New Albany, IN Flood, Feb 1883
New Albany, Ind., Feb. 13.-The Ohio River at this city is within 3 inches of the marks of the great flood of 1832, and rising 1 inch an hour. Six hundred families in the city are driven from their homes, many of them with great loss of property. The suffering is great, and sickness is added to destitution. Thirty of the principal manufactories are stopped by the flood and 3,500 people thrown out of employment. The loss to the manufacturers will be heavy. Depauw’s American Plate-glass-works are three feet under water, and the loss in this one factory will be $100,000. It will take four months, it is thought, to repair the damaged furnaces and machinery. The embankment of the Jeffersonville, Madison and Indianapolis Railroad, one mile west of Jeffersonville, broke to-day, letting the back water from the Ohio in upon that city in an irresistible tide, including all the business streets. The water poured into the stores and other business houses and caused heavy losses. Hundred of families only escaped with their lives. The loss will amount to several hundred thousand dollars. No lives were lost. All railroad communication between New-Albany and the East is cut off by the flood. No mails have arrived from Cincinnati and the East for 30 hours. It is believed the river will rise 18 inches higher. The distress and loss is general and wide-spread along the lower Ohio Valley. No loss of life is reported in the vicinity of this place. Trains of the Jeffersonville, Madison and Indianapolis, the Louisville, New-Albany and Chicago, and the Air Line Railroads are unable to reach Louisville from the Indiana side. The losses to the railroads will not be heavy, except in the loss of business. The Indiana Legislature has been asked from this city for aid for the sufferers here and at other points.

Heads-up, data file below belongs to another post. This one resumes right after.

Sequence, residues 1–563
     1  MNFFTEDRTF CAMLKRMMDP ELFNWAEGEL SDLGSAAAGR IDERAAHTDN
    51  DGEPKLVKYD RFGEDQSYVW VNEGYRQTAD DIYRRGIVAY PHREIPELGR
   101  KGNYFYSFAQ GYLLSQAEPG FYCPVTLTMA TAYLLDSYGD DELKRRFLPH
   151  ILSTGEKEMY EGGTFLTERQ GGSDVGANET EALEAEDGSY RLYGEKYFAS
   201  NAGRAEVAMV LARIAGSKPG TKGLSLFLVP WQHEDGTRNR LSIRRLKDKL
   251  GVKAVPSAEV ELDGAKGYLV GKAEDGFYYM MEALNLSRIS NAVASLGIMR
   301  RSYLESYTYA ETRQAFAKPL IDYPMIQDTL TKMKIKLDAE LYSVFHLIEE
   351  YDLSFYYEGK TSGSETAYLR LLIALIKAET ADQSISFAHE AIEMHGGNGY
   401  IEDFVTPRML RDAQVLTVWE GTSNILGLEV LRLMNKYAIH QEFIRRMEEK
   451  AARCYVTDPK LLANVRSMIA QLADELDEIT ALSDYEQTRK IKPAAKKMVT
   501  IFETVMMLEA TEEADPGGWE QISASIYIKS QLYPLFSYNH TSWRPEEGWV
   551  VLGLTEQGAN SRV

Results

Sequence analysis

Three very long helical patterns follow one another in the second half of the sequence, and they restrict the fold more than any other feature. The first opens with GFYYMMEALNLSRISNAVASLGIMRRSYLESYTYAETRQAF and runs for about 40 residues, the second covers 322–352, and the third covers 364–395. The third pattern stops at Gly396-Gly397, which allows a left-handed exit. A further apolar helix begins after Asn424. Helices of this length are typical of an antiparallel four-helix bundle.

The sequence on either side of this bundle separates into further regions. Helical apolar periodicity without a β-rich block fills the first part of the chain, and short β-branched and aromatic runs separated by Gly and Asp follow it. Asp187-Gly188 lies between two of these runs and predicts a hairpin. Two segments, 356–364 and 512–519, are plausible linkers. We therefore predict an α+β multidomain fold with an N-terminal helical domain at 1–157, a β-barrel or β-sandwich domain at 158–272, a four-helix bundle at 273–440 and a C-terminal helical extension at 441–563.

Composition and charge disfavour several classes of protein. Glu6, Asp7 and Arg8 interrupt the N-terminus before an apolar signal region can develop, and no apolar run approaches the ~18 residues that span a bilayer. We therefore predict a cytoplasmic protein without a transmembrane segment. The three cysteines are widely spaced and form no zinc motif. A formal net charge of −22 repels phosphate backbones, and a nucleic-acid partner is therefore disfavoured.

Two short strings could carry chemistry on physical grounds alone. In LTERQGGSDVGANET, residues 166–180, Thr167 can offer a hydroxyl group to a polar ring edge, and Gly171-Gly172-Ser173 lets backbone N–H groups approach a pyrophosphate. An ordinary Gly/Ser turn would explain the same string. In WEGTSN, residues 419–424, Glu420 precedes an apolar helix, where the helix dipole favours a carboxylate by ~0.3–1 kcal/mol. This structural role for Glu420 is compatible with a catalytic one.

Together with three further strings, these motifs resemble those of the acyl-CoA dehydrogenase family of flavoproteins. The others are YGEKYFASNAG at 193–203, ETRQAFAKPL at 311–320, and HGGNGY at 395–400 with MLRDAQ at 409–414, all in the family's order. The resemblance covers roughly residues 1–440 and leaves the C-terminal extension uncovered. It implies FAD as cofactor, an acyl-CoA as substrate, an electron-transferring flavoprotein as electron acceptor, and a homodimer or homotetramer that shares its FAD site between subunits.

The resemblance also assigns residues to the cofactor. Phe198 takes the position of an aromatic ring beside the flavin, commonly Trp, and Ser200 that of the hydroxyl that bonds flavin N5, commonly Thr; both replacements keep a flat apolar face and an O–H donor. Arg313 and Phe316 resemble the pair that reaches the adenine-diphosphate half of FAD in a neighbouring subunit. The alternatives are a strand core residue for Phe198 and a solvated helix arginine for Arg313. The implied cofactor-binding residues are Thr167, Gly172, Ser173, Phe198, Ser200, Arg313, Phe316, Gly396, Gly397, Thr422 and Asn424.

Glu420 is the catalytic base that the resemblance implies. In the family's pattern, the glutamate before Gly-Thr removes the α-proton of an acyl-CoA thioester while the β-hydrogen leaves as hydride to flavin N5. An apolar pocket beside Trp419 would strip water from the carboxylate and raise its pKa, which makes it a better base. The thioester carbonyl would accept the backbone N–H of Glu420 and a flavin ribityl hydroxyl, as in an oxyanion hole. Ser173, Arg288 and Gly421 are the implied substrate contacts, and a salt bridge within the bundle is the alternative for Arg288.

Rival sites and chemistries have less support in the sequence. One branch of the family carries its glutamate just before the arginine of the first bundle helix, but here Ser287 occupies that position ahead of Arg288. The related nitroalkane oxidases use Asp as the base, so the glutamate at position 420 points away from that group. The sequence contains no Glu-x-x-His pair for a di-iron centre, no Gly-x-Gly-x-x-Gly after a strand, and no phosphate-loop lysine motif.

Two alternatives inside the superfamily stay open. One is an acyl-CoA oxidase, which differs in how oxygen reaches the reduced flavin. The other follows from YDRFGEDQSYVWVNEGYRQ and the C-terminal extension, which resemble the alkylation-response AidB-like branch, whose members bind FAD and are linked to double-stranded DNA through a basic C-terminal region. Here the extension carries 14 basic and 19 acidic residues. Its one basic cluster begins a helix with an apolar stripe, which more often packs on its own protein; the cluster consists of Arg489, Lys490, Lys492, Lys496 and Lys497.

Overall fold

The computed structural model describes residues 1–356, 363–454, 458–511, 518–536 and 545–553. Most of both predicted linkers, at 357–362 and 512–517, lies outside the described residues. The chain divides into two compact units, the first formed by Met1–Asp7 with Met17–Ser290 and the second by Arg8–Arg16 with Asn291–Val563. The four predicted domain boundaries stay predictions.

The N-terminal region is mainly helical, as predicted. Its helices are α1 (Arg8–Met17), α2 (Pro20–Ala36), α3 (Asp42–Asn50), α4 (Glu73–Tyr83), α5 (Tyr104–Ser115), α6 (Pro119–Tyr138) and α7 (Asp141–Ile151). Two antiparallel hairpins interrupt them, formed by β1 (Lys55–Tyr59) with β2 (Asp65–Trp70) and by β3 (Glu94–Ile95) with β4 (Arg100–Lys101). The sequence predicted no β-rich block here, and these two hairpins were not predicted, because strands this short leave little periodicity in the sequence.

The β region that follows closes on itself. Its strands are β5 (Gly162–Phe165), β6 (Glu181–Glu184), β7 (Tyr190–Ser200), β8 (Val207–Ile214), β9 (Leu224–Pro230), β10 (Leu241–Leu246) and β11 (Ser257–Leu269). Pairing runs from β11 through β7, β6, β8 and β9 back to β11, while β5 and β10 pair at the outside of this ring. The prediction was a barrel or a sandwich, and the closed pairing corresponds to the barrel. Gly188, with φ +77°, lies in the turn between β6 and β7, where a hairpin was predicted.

The New York Times, New York, NY 14 Feb 1883
The following dispatch was received from New-Albany:
To the General Assembly of the State of Indiana:
The suffering in this city is very great and hourly increasing. Added to great destitution consequent upon about 800 families being driven from their homes and losing heavily by the unprecedented flood now devastating the city, there is much sickness. The destitution is beyond description. Five thousand persons are thrown out of employment. Every factory in the city but one is in enforced idleness, and it will be from four to six weeks before they can be started again. In all this time the suffering of thousands of victims by the floods will be increased rather than diminished. The citizens are doing their best in the way of aid, but the river is again rising rapidly, and the flood will be swollen at least four feet. We earnestly pray you to set apart for New-Albany at least $10,000. This sum, added to the help the more fortunate citizens can afford, will help the suffering, though not entirely relieve it. It is estimated that the damage in the city will exceed $400,000. It will take $150,000 to $200,000 to relieve the absolute distress now upon our people.
The New York Times, New York, NY 16 Feb 1883